Sanctions are hurting not helping our potential allies within Iran. Democratic opposition leaders and supporters of the Green Movement do not favor international sanctions on their country. Former presidential candidate Mir Hossein Mousavi has labeled President Ahmadinejad’s foreign policies “wrong and adventurist,” but he has consistently opposed sanctions. “Sanctions would not affect the government,” he said in 2009, “but would impose many hardships upon the people, who suffer enough as a result of the calamity of their insane rulers.” The regime is able to use its defiance of Western demands to rally domestic political support. Iranian human rights advocates warn that increased external pressure often means greater repression against domestic opponents. “The government will say that critics of their policies are doing the foreigners’ bidding and will use sanctions as a pretext” to silence them, said Ali Shakouri-Rad, a leading opposition voice. Restrictions on public assembly and internet access have tightened in recent years as external pressure has intensified.
Persuasion, Not Force
The history of nonproliferation teaches that nations must be persuaded to give up nuclear weapons capability. They cannot be forced. Over the decades more than two dozen countries have decided not to acquire or maintain nuclear weapons capability. Security assurances and positive inducements played an important role in many of these nonproliferation decisions. Coercive disarmament worked only once, in the exceptional case of Iraq, which was subjected to draconian multilateral sanctions and subsequently defeated in war. In all other cases nations decided to give up the bomb on their own. They did so for a variety of reasons–a domestic shift toward democracy, the lure of greater openness to the global economy, improved security relations with neighboring states, and security assurances from major states. In many cases economic and security inducements helped to make denuclearization the preferred option.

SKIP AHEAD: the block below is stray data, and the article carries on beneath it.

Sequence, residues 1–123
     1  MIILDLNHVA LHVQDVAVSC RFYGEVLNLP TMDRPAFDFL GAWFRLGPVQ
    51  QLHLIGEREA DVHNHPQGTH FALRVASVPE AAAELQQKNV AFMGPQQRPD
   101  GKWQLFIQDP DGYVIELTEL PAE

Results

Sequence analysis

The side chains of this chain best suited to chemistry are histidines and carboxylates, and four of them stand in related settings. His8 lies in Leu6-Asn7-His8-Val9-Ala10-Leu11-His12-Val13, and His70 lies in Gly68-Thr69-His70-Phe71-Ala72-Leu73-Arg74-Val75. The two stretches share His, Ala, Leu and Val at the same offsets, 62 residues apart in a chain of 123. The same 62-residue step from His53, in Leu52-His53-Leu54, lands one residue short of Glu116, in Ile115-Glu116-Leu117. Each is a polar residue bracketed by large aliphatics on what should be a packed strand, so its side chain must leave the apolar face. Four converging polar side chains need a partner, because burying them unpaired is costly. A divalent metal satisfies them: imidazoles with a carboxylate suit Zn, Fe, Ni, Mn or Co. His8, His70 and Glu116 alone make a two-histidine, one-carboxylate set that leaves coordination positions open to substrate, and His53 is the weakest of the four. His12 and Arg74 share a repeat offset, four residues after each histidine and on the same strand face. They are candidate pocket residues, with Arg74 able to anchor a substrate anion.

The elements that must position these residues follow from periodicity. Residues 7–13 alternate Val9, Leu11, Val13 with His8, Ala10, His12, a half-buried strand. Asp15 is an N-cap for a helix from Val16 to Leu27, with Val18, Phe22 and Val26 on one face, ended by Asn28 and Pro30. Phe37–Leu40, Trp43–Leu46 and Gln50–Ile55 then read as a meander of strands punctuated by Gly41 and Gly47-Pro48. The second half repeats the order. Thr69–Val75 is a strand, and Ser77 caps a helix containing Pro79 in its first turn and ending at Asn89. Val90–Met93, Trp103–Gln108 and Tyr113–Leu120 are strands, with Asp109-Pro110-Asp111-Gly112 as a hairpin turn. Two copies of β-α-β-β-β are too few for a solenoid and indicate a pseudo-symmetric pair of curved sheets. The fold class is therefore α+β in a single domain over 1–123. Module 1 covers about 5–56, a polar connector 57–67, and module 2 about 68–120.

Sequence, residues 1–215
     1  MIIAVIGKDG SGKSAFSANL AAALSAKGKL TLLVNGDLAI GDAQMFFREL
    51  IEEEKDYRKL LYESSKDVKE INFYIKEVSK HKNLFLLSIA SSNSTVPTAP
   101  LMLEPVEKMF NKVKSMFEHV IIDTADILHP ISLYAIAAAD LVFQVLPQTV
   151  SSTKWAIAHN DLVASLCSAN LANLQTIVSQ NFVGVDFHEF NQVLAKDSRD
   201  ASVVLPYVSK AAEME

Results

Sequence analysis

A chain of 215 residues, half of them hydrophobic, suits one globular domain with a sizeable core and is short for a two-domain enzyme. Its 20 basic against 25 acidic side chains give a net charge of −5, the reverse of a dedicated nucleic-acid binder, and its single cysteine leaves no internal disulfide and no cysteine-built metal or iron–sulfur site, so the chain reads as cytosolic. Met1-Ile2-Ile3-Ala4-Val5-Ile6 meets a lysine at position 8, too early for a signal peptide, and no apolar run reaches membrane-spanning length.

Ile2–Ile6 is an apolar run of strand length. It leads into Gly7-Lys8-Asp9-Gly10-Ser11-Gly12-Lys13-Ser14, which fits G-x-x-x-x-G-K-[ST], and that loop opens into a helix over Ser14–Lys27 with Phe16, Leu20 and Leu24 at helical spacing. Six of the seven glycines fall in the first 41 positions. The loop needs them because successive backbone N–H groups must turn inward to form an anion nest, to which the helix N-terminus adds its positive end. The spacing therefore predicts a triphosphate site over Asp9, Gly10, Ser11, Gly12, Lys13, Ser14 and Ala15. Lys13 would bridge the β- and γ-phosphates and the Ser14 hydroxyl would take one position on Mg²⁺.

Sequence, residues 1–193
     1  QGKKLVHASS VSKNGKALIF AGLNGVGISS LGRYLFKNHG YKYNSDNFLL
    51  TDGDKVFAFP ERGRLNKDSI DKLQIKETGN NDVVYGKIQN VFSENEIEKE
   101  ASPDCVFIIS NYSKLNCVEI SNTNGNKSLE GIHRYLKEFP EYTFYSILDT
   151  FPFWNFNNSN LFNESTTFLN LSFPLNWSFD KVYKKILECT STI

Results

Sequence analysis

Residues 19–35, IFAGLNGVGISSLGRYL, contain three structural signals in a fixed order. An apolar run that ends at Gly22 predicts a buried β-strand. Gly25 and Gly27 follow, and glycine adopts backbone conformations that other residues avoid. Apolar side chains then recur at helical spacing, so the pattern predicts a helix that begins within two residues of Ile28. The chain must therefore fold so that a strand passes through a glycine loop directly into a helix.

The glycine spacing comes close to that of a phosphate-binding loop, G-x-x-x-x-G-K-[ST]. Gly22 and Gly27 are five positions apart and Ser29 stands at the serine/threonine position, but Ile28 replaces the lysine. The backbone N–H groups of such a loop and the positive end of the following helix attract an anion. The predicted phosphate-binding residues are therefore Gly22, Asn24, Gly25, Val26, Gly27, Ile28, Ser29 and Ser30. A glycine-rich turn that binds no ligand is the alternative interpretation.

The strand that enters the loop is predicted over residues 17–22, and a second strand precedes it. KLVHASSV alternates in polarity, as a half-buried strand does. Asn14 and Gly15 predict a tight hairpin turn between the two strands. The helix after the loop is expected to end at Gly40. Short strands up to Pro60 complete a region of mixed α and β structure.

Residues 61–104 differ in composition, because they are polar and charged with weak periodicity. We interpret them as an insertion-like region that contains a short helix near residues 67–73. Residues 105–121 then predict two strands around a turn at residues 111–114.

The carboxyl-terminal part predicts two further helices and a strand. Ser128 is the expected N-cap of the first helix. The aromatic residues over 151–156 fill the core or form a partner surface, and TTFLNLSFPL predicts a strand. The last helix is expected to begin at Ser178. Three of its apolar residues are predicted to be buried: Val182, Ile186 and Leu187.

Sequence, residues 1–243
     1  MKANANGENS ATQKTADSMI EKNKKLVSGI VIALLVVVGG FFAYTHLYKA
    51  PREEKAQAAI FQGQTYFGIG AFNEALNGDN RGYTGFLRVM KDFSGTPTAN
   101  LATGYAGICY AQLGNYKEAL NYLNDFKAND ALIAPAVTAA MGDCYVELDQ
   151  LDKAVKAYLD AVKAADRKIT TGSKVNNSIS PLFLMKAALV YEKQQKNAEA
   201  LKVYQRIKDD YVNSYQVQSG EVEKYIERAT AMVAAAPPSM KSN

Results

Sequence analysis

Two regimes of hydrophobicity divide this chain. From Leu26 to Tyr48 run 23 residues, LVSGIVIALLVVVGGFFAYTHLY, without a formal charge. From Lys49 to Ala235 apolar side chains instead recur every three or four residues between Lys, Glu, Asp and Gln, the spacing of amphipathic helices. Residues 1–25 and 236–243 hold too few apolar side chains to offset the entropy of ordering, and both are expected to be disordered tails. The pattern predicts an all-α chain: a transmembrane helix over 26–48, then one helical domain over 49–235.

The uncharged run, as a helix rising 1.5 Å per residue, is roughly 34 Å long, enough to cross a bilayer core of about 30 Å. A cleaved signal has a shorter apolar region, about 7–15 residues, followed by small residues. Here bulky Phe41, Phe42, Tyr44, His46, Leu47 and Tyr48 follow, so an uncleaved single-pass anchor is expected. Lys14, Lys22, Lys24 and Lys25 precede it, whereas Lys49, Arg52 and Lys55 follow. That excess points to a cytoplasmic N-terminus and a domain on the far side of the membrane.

This does not mean that sanctions have no role to play, especially when combined with incentives. In the case of Libya lifting sanctions formed a central part of the agreement to abandon weapons of mass destruction. The offer to lift sanctions can be a potent inducement for cooperation. The art of diplomacy lies in creatively blending pressures and inducements to exert persuasive influence and reward a state for adopting a desired change in policy. As nonproliferation expert Leon Sigal observes,
Convincing countries not to build the Bomb requires cooperating with them, however unsavory that may be. Countries that seek nuclear arms are insecure. Trying to isolate them or force them to forgo nuclear arming could well backfire.